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Kerman, Khuzestan to Pilot Supervised Injection Sites
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Kerman, Khuzestan to Pilot Supervised Injection Sites

The plan to open supervised injection sites (SIS) for drug addicts was approved by the Iranian Drug Control Headquarters (IDCH) and will soon be piloted in Kerman and Khuzestan provinces.
The SIS are legally-sanctioned, medically-supervised facilities designed to reduce public nuisance from drug users and provide a hygienic and stress-free environment for addicts to use illicit drugs intravenously.
Advocates of the plan assert that sanctioning such sites does not mean approval of substance use but aims to control drug addicts’ risky behavior which can have devastating effects on them as well as their communities.
“This is to prevent injection drug users (IDUs) from infections with viruses like HIV or hepatitis through needles, and transmission of the diseases to other addicts,” said Parviz Afshar, IDCH spokesman and deputy head, as reported by the Persian language newspaper ‘Iran.’
Although the reasons for such proposals are sound, there are still challenges and the local authorities need to justify fully that the SIS will help reduce the serious health problems and mortality rates among drug addicts.
In response to whether or not substance users will be supplied with narcotics, Afshar said that this matter will be discussed at a later stage and provincial officials would be given full authority to make decisions.
The launch of the safe injection sites is in line with policies to reduce the consequences of drug abuse.

  All Possible Means
The top priority, however, is to control the distribution of illicit drugs and reduce their availability in the market in order to prevent addiction. The next step is to treat the addicts by whatever means possible.  
A number of measures also focus on rehab of drug addicts, especially those who respond to treatment and are able to sustain it.
Harm reduction includes post-remedial support to prevent relapse. Measures in this regard include medical treatment with buprenorphine, opium tincture or methadone and empowerment through jobs and social support.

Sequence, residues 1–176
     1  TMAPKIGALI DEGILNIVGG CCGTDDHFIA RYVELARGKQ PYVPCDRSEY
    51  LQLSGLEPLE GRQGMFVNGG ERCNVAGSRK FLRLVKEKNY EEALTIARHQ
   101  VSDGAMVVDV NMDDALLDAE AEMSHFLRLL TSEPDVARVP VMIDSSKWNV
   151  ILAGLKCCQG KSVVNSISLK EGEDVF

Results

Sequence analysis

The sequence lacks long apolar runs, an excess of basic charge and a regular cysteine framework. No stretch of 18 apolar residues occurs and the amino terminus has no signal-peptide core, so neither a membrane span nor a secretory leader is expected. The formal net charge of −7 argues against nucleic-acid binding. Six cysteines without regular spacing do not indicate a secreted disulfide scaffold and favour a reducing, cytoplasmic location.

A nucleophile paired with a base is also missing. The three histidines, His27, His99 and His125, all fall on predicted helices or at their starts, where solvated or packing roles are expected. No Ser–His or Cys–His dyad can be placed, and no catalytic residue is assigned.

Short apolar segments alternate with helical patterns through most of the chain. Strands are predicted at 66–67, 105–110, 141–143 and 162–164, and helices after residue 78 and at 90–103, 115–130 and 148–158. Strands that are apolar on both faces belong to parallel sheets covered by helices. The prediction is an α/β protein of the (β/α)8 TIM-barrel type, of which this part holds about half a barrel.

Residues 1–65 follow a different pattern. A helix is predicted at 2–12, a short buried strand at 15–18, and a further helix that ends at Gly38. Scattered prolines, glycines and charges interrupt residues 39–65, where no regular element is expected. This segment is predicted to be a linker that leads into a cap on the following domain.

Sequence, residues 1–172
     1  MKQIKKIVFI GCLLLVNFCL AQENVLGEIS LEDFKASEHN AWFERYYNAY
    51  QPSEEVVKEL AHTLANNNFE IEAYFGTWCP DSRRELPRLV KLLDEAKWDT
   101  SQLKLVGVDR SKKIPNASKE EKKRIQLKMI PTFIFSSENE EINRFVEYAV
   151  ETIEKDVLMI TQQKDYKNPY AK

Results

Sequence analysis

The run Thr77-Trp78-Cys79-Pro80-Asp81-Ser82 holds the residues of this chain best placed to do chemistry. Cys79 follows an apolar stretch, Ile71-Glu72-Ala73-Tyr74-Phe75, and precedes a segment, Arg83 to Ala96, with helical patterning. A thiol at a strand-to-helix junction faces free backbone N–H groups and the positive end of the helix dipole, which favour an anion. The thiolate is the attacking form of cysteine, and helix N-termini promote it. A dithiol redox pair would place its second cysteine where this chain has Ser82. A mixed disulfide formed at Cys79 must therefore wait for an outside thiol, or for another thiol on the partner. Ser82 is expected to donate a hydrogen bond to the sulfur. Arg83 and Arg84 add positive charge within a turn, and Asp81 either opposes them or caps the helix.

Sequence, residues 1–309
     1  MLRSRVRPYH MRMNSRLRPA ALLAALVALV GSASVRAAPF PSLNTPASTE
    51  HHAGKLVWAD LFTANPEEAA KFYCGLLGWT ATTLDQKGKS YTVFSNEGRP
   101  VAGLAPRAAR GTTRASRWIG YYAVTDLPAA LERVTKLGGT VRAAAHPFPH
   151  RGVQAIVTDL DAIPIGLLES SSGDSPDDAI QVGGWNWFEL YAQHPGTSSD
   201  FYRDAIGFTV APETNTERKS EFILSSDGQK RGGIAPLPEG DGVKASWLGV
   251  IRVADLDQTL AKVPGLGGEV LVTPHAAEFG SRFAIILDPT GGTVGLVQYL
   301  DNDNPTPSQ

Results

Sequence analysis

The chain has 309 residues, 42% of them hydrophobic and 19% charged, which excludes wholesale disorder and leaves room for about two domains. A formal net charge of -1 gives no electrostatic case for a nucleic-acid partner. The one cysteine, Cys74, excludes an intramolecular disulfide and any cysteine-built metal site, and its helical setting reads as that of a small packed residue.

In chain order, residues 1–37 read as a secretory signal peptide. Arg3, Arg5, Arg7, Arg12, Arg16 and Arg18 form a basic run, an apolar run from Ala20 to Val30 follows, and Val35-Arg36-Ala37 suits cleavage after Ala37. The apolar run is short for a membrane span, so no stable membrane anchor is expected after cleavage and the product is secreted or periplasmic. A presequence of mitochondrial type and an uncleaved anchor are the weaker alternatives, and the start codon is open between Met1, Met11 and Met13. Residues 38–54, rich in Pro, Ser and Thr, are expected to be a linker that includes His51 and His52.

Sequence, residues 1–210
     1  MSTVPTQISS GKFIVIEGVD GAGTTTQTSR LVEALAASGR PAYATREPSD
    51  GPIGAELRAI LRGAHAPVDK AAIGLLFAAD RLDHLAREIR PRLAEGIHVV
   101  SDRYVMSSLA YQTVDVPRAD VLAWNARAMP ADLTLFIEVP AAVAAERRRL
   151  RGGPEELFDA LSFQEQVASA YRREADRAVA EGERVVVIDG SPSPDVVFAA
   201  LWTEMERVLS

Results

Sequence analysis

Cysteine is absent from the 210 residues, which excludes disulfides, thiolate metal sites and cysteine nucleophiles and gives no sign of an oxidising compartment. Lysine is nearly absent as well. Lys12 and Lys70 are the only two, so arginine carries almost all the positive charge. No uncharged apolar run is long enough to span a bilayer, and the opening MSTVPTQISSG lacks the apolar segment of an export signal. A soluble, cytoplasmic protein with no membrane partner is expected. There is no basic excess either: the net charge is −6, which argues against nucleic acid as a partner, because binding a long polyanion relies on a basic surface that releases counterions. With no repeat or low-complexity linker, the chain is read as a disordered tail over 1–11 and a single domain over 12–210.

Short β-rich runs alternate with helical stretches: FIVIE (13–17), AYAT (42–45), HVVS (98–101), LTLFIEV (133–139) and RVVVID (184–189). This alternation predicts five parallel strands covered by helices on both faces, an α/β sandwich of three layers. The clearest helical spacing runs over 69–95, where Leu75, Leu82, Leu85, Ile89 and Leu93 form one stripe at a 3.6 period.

However, there are a number of drug users who are difficult or sometimes impossible to cure. They frequently relapse into substance abuse even after rehabilitation, and medication is ineffective. These “failures” often end up as strays on city streets and can cause serious harm and pose a threat to the entire society.  
Treating wounds due to overuse of injections, education and counseling, distribution of hygienic syringes and needles and establishing drop-in centers for drug users are among the measures to reduce the potential harms caused by addicts for whom there is always a small hope of recovery.  
“Harm reduction programs which have been expanded in Iran since 2000, have miraculously reduced the rates of HIV and AIDS among IDUs,” said Afshar.
In 2004, out of the total number of diagnosed HIV-positive addicts, 65% had been infected via shared syringes while currently the rate has dropped to less than 40% which indicates the necessity of the programs.
Several countries have already practiced the idea and launched centers for “managed drug use” or “safe injection” where advanced addicts can have uninfected injection. The plan has attained success based on the statistics.  
“Since Iran is a leading country with regard to reducing addiction harm, the idea of safe injection facilities was put forward, and will hopefully be implemented nationwide after approval by the competent authorities, said Afshar.
 
  Substance Abuse Management Center
Meanwhile, the IDCH has plans to set up a ‘Substance Abuse Management Center’.
“The project is in line with the general policies issued by the Leader Ayatollah Seyyed Ali Khamenei, and will be supervised by the Expediency Council’s Committee for Combating Narcotics as the strategic monitoring body of the IDCH,” wrote Ali Hashemi, chair of the committee in the Persian language daily ‘Etemad’ on Sunday.
Details regarding the center’s mandate have not yet emerged but setting up safe injection sites and supervising substance abuse are part of its functions.
The global strategy of substance abuse management for the first time in the country has been placed on the radar of the next five-year economic development plan (2016-2021) and the three government branches have been assigned pertinent tasks in this regard, Hashemi said.
“The programs target harm reduction in drug abuse. Basically any step in the direction of guiding drug addicts toward substance abuse management, from addiction treatment to safe injecting rooms, empowering families, or creating jobs for the recovering addicts, all will be a hard blow on the lucrative trade of drug mafias; a progressive step that will impact the society on small and large scales,” Hashemi said.
Based on IDCH estimates in 2004, the national economy suffers a 450,000-billion-rials ($13 billion) loss annually due to the drug problem, directly and indirectly.
“The figure has not been updated since, but even going by those statistics, the nation is losing 1,100 billion rials ($315 million) a day to the scourge.”
The IDCH aims to reduce the growing number of new drug addicts by 25% by 2021 (5% per year) for five consecutive years. The target has been approved by the Majlis (parliament) and incorporated in the FYDP; however, Interior Minister and IDCH head Abdolreza Rahmani Fazli said last month that the country is lagging behind in reaching those targets.
According to Hashemi, any measure that could save even 5% of the annual economic losses due to the drug problem, and any plan that can reduce the addicted stratum by 5% per year, is a huge step.

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